In an age when virtually every industry is using solutions in the cloud; leveraging the Internet; adopting Internet of Things (IoT) technologies to gather insights; and automating many manufacturing tasks, the pharmaceutical industry is no exception. This highly computerized environment enables efficient and easier documentation, reporting and auditable paper trails.
To protect companies against security breaches, as well as to ensure the safety and efficacy of drugs that enter the consumer world, in 1997 the Food & Drug Administration (FDA) established Part 11 of Title 21 of the Code of Federal Regulations (CFR).
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This article provides a sense of what it takes for CMOs to be in compliance with FDA Part 11 of Title 21.
Part 11 – Defining Electronic Audit Trails and System Validation
Part 11, as it is commonly called, is one of the most established regulations within the industry, it defines the criteria under which electronic records and electronic signatures are considered trustworthy, reliable, and equivalent to paper records.
Part 11 also requires organizations to implement controls, electronic audit trails and systems validations and establishes standard expectations for the use of reliable electronic documentation – these are electronic records that the FDA requires operators to maintain.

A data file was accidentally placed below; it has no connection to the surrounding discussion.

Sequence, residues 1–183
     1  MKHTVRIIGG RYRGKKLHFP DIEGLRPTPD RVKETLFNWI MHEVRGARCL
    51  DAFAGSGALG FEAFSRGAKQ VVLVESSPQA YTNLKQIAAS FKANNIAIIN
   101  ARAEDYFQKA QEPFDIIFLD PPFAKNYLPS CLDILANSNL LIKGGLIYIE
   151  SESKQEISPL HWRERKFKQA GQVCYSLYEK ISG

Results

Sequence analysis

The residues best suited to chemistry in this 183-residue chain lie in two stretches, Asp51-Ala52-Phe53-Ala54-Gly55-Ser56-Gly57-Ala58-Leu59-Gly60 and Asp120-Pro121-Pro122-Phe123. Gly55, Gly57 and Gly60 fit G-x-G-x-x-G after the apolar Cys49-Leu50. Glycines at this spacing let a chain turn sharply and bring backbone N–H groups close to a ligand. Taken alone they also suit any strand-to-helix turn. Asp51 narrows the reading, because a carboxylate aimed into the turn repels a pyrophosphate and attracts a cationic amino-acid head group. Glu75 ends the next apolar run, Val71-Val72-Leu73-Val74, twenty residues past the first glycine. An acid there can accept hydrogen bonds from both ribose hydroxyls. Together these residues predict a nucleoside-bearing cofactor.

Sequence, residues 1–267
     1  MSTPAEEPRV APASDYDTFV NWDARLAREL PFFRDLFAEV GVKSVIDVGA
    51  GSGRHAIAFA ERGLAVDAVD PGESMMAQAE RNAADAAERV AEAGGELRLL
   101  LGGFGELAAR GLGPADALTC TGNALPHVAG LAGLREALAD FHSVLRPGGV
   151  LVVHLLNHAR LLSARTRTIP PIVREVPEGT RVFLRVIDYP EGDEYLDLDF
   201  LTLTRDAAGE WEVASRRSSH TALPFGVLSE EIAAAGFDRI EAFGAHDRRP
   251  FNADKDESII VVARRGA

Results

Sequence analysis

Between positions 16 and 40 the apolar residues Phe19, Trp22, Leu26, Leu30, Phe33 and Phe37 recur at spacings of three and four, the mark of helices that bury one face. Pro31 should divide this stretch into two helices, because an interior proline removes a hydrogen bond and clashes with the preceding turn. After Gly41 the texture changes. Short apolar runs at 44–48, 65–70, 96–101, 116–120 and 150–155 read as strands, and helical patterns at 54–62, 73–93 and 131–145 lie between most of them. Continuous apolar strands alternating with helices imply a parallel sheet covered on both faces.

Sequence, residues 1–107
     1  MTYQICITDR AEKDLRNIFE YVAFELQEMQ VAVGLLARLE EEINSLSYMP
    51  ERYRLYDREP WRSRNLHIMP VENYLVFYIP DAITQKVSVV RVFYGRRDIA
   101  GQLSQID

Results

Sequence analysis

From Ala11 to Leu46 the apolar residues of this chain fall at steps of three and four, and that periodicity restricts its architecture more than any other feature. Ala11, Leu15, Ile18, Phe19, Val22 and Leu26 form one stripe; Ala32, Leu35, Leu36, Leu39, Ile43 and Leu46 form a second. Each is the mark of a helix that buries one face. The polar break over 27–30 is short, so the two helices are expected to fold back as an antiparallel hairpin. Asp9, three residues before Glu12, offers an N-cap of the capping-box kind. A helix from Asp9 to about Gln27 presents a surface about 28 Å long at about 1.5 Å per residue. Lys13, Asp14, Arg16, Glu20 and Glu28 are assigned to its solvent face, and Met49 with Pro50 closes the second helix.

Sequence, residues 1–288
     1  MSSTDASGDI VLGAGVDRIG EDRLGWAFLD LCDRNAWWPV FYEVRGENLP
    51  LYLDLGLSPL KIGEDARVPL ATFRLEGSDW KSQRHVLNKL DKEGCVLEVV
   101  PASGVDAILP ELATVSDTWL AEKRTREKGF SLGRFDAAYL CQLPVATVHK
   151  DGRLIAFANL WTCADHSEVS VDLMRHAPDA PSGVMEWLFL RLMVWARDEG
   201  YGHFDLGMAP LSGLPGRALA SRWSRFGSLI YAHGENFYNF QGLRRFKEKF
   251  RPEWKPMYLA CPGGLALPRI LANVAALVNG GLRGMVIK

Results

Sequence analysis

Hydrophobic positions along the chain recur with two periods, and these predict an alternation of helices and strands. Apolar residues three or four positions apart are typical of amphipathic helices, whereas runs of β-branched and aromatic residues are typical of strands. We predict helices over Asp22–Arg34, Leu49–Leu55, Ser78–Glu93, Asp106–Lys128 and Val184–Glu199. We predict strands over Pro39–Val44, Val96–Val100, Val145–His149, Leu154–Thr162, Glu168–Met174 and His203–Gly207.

Part 11 applies to records in electronic form that are created, modified, maintained, archived, retrieved, or transmitted under any records requirements set forth in contract manufacturing, or any FDA regulation other than Part 11.
Also, since just about everything in pharma manufacturing must be authorized and documented, Part 11 also establishes criteria for the use of electronic signatures, in place of hand-written signatures.
By using electronic records required under Part 11, companies can be sure they have secure data, and electronic signatures ensure that operators and supervisors identify themselves in a safe and secure way when making any changes in the production process.
More recently, significant difficulties emerged in the industry’s ability to implement the requirements set forth in Part 11, and the FDA temporarily suspended them. With advancements in technology, however, those FDA’s expectations for Part 11 compliance are being restored.
Meeting Part 11 Requirements
As a manufacturer of Active Pharmaceutical Ingredients (APIs), Seqens conducts two key activities that fall within the scope of Part 11. The first regards the use of software that generates electronic records for laboratory analysis, and the second is regarding the use of electronic quality management systems.
Ensuring Software is Operating as it is Intended; Properly Validated as Part of a Computer Network
For any quality management system, according to FDA guidelines, the software must be properly qualified in its installation (Installation Qualification, IQ), Operation (Operational Qualification, OQ) and Performance (Performance Qualification, PQ). These qualification activities are directed by written protocols provided by the software manufacturer, and likewise executed by expert technicians from the manufacturer. This body of information ensure the software is functioning as intended.